Taking Back the Finish Line on No Stop Monday

Fear and grief often paralyze a person and leave that person cowering and afraid to move forward. A person can imagine superhuman strength and ability to withstand the tests to the human spirit, but each and every one of us has a breaking point where darkness can sneak up on us, consume us, and leave us prostrate unable to move forward.


In the Boston Marathon, there is a hill that brings many runners to tears and wrecks many of a dream. It is aptly called Heartbreak Hill. This hill seems to last forever, but many people have misgauged what comes next. The rest of the race. That’s right. The race still has miles and miles to go before a person can rest. A person must get up and over the worst of the pain and then they must brace themselves as they face pain when it is least expected. Grief and fear are like that.


In the immediacy of trauma and tragedy, people react strongly and others step up to carry them. The average person, however, has about a six-month tolerance level for sadness, loss, and fear in others. Yet, to the one who has suffered from a profound loss, a body slam that is so unfair, or fear that sneaks into dreams unbidden, time looms large. Years can go by and something brings fear or grief back into the human spirit.


Last year, I had been invited to run the Boston Marathon to honor Phil and others lost far too soon. I felt like I was finally getting my footing and finding small joys in my life. I had conquered the famed Heartbreak Hill and I was heading home to the finish line. I felt smugness and pride as the finish line came into my sight field. Thinking that I owned the finish line, I ran on. I will never forget what came next. The unexpected explosion….the shaking of the ground….the smells…..the screaming…….and, then, another explosion. Fear came into my life.


This fear meshed with that cloud I have every April and while I thought that I was largely unaffected by the events of last year, I found that loss and fear are sneaky. The heart remembers and in our sleeping moments, the images come back. Sometimes it is just about breathing through those moments. I think back to my very worst moment on 24 June when I read Phil’s autopsy report and then looked at the pictures when the words didn’t make sense. I broke.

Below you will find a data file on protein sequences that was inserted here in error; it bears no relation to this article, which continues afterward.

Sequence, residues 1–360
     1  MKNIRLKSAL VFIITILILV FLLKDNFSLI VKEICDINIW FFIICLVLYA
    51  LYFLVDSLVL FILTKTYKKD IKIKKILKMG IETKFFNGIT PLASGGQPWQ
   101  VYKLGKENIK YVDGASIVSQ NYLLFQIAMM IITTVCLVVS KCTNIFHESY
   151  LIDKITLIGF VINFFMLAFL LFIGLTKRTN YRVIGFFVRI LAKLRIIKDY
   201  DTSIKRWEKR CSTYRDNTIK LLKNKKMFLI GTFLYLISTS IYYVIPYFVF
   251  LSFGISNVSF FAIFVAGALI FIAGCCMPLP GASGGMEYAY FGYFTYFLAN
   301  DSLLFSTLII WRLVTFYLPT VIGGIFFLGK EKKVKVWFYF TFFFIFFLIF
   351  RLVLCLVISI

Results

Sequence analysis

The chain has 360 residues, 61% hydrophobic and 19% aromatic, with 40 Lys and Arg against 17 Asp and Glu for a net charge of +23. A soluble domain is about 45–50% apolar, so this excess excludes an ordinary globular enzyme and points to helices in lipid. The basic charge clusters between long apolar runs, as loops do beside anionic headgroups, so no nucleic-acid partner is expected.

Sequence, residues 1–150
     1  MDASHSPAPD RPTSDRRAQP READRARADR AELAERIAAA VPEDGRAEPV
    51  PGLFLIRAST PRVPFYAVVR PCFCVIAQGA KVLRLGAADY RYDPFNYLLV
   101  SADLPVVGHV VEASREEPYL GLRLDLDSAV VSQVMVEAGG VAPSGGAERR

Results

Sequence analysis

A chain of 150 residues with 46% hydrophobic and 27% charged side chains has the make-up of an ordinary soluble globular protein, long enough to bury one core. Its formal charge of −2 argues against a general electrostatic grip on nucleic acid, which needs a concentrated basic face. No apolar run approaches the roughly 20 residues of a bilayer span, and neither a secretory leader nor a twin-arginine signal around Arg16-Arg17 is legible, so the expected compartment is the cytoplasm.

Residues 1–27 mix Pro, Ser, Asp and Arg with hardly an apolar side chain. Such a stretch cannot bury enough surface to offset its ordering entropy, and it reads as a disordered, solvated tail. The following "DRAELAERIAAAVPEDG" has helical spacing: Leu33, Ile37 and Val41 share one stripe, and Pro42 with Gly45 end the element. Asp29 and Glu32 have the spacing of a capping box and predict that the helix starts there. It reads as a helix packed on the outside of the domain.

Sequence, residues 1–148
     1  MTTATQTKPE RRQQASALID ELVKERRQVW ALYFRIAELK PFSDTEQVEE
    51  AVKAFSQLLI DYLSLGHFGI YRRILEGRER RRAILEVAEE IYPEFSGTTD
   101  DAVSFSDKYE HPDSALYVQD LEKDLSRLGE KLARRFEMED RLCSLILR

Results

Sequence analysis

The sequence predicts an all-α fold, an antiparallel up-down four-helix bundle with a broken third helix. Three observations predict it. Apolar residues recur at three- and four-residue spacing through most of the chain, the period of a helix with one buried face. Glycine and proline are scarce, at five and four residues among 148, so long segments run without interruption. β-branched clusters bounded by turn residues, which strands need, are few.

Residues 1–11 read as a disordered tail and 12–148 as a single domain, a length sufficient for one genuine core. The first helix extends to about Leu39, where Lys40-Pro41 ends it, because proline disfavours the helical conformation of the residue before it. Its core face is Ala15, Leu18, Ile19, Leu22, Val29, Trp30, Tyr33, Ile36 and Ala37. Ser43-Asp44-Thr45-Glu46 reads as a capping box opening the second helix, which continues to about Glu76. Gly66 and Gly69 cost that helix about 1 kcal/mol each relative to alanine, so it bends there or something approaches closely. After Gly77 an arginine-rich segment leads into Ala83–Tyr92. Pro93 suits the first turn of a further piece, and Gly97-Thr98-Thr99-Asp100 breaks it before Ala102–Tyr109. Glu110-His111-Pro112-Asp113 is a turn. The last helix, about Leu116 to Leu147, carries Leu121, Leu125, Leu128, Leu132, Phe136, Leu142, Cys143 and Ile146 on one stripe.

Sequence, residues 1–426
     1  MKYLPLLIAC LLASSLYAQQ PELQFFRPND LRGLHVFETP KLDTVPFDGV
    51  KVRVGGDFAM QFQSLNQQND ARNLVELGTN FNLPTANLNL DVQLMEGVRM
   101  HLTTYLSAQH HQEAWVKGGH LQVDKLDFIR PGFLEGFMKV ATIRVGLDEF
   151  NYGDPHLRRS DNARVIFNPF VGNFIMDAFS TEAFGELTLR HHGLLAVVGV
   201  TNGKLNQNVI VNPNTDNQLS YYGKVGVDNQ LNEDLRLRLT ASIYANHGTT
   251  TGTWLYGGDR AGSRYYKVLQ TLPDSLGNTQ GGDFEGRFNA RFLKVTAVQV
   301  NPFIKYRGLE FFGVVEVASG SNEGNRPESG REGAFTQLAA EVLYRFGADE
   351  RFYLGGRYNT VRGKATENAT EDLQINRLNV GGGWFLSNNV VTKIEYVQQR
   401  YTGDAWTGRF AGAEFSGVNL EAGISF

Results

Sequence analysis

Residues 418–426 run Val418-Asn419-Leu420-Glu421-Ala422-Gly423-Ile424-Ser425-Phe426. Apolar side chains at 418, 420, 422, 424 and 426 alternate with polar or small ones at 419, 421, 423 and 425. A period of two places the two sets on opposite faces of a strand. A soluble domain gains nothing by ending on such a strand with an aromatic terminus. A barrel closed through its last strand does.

I crawled into bed and cried the cry of someone who has given up. Yet, in my darkest hour, my faith carried me. I have written before about the one time I felt a modern day miracle. This was the day. I still do not understand it, nor do I try to understand it. It is—just is—my burning bush from God to me. In that moment, I began to look ahead. I couldn’t look too far ahead. I looked only at surviving the next few minutes. Those minutes eventually lengthened and the dark shadows shortened. Like a runner trying to fight through fatigue, I took one step, then another until it felt like I had scaled the worst of my journey.


Every journey can have surprises. As I ran into joy last spring, I hit a major entanglement that impacts me still. About a week ago, the flashbacks started to the fear and the paralysis I felt last 15 April. It became a choice for me. I cannot let fear limit my journey. I cannot let grief keep me stuck in a sense of suspended life. I must face my fear and I must run on to take back that finish line.


At the Boston Marathon, the signs tout the “No Stop Monday” philosophy. I will not stop. I will not falter, but I will push through the pain and the fear one step at a time, one minute at a time because the journey is too long to look at in entirety. I run on.


  1. […] Taking Back the Finish Line on No Stop Monday. […]

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